Key Considerations in Avoiding and Calculating Penalties Pursuant to the Employer Shared Responsibility Mandate

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1 and Calculating Penalties Pursuant to the Employer Shared Compliance Practice of Arthur J. Gallagher & Co.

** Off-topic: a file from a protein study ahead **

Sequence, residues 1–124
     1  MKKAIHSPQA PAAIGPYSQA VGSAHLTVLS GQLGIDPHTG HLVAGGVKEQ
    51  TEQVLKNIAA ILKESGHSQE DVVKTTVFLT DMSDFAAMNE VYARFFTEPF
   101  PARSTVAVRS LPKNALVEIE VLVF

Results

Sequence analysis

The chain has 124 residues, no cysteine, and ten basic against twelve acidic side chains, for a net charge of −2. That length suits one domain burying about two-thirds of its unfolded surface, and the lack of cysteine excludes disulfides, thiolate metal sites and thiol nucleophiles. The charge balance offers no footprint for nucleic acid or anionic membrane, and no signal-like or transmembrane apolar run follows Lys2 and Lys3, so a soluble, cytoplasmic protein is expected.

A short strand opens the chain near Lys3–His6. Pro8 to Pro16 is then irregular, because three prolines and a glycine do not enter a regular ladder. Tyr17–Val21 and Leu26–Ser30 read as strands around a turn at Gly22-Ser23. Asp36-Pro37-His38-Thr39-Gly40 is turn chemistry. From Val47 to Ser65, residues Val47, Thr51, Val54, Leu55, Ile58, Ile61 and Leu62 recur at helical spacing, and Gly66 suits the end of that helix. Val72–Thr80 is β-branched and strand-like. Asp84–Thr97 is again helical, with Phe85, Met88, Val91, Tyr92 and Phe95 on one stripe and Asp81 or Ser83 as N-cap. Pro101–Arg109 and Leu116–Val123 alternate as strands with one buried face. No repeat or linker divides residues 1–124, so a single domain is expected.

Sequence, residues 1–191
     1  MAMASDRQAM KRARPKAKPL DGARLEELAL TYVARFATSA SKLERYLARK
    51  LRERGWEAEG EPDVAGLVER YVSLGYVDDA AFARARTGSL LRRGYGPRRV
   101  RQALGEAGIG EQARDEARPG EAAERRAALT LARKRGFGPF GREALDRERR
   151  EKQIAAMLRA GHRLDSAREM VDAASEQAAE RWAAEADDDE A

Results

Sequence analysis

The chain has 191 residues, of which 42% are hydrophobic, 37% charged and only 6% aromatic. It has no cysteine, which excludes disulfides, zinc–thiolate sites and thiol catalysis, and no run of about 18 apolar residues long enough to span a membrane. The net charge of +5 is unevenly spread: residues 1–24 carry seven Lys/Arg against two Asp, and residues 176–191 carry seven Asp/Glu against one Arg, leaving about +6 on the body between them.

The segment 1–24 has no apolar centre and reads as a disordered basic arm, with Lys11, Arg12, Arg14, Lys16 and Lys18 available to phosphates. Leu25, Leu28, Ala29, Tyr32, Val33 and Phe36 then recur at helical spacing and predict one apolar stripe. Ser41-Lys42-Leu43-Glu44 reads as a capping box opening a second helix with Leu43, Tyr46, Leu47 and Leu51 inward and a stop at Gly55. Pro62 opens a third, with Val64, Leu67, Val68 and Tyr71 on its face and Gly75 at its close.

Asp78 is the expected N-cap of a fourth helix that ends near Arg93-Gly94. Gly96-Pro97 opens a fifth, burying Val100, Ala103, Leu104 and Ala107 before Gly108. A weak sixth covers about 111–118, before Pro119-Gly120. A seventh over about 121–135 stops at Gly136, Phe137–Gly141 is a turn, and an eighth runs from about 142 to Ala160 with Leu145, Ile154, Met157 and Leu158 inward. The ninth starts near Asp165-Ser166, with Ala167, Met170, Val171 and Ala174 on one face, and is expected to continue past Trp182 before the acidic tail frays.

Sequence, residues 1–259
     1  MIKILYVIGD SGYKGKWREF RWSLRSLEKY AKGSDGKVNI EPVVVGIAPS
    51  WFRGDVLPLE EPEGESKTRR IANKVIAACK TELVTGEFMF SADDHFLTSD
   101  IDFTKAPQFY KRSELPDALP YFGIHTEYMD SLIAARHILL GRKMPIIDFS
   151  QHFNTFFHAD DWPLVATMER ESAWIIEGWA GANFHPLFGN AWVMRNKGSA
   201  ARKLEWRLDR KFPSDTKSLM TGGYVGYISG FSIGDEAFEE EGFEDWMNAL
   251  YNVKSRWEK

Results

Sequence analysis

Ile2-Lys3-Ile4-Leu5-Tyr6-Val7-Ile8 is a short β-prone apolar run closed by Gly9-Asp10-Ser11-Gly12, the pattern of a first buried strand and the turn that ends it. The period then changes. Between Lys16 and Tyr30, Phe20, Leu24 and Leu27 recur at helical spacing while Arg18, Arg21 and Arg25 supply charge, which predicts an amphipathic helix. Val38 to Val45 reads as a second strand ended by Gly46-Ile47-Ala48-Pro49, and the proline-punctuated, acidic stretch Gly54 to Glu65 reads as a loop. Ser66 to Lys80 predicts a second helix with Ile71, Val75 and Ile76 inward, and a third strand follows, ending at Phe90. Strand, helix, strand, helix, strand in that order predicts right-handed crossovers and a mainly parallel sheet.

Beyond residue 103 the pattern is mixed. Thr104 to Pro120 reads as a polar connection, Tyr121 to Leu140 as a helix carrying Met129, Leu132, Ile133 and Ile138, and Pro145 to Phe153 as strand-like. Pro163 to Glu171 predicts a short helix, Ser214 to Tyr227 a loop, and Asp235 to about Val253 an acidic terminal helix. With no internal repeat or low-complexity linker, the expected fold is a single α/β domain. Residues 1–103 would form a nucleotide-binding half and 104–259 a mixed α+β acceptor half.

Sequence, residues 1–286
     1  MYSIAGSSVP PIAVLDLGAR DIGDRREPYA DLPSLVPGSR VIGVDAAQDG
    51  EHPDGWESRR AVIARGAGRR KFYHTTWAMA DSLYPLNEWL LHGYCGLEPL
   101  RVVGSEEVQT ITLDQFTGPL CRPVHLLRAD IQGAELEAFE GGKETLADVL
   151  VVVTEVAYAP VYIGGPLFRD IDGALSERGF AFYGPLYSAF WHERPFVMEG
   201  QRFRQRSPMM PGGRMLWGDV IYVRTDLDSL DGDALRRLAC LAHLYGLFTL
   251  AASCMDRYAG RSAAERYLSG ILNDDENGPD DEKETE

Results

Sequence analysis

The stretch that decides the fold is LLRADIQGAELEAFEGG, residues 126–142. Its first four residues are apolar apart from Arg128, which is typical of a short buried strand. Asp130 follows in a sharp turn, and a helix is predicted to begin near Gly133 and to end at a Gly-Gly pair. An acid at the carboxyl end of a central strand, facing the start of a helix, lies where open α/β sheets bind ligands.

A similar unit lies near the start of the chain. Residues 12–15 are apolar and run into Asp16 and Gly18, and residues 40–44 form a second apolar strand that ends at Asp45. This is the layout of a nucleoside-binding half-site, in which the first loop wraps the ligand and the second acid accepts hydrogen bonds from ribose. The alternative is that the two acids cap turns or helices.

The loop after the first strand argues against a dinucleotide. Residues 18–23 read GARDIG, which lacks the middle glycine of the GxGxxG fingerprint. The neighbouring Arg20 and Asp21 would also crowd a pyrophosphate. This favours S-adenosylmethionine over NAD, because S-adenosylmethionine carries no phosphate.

2 As a preliminary step, employers must determine if their organization is subject to the mandate. Employer Shared Since 2010, most employers have implemented changes to their group health plans as required under the Patient Protection and Affordable Care Act (PPACA). While PPACA does not explicitly require employers to offer their employees health coverage, employers offering these plans are required to make changes to bring their group health plans into compliance. In many respects, the required changes were in preparation for health insurance Marketplaces and the employer shared responsibility mandate. The employer shared responsibility mandate (the mandate) requires applicable large employers to offer, to substantially all of their full-time employees and their dependent children, eligible employer-sponsored coverage or face potential penalties. In an effort to clarify many aspects of the mandate, which goes into effect on January 1, 2015, the regulators have issued an immense amount of guidance over an extended period of time. Some of this guidance includes transitional relief for applicable large employers. To assist employers in their efforts to fully understand the mandate, Arthur J. Gallagher & Co. prepared this comprehensive abstract of the most important aspects of this significant pillar of PPACA. The discussion and analysis of the relevant transitional relief and its application is found at the end of this abstract. Applicable Large Employer The mandate applies to applicable large employers, which are defined as employers with 50 or more full-time and full-time equivalent (FTE) employees. For employers that are part of a controlled group, the determination is made on a controlled group basis. If the collective employer-members of the controlled group employed an average of at least 50 full-time and FTE employees for each month of the preceding calendar year, the group is an applicable large employer. When determining the number of employees, only common-law employees are counted. Generally, a common-law employee is an employee subject to the will and control of the employer, not only as to what must be done, but also how it must be done. Sole proprietors, partners in a partnership, and more-than-2% S corporation shareholders are not considered employees. Full-Time Employee. Under the mandate, a full-time employee is an employee who is employed an average of 120 or more hours per month. Full-Time Equivalent Employee. As stated above, the calculation for applicable large employer also takes FTE employees into account. In order to determine the number of FTEs for each month during the previous calendar year, the employer must look at all employees (including seasonal employees) who were not full-time employees during each month. The number of FTE employees for a given month is then determined by: ARTHUR J. GALLAGHER & CO. APRIL 2014 :: 2